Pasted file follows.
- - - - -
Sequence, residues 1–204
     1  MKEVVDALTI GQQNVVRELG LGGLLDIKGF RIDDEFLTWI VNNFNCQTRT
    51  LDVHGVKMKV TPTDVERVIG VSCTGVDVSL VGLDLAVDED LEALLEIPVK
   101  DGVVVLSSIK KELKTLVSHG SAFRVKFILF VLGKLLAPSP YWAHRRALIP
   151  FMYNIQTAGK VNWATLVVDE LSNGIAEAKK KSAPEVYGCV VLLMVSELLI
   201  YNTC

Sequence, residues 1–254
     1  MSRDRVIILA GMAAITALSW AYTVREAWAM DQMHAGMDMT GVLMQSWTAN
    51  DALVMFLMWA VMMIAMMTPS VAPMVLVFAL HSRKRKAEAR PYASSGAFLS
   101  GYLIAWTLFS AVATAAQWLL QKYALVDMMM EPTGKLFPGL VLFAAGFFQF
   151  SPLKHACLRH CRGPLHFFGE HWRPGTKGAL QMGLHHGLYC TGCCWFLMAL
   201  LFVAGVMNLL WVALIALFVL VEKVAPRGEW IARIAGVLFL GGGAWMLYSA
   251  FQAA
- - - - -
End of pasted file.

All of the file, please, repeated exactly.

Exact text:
Sequence, residues 1–204
     1  MKEVVDALTI GQQNVVRELG LGGLLDIKGF RIDDEFLTWI VNNFNCQTRT
    51  LDVHGVKMKV TPTDVERVIG VSCTGVDVSL VGLDLAVDED LEALLEIPVK
   101  DGVVVLSSIK KELKTLVSHG SAFRVKFILF VLGKLLAPSP YWAHRRALIP
   151  FMYNIQTAGK VNWATLVVDE LSNGIAEAKK KSAPEVYGCV VLLMVSELLI
   201  YNTC

Sequence, residues 1–254
     1  MSRDRVIILA GMAAITALSW AYTVREAWAM DQMHAGMDMT GVLMQSWTAN
    51  DALVMFLMWA VMMIAMMTPS VAPMVLVFAL HSRKRKAEAR PYASSGAFLS
   101  GYLIAWTLFS AVATAAQWLL QKYALVDMMM EPTGKLFPGL VLFAAGFFQF
   151  SPLKHACLRH CRGPLHFFGE HWRPGTKGAL QMGLHHGLYC TGCCWFLMAL
   201  LFVAGVMNLL WVALIALFVL VEKVAPRGEW IARIAGVLFL GGGAWMLYSA
   251  FQAA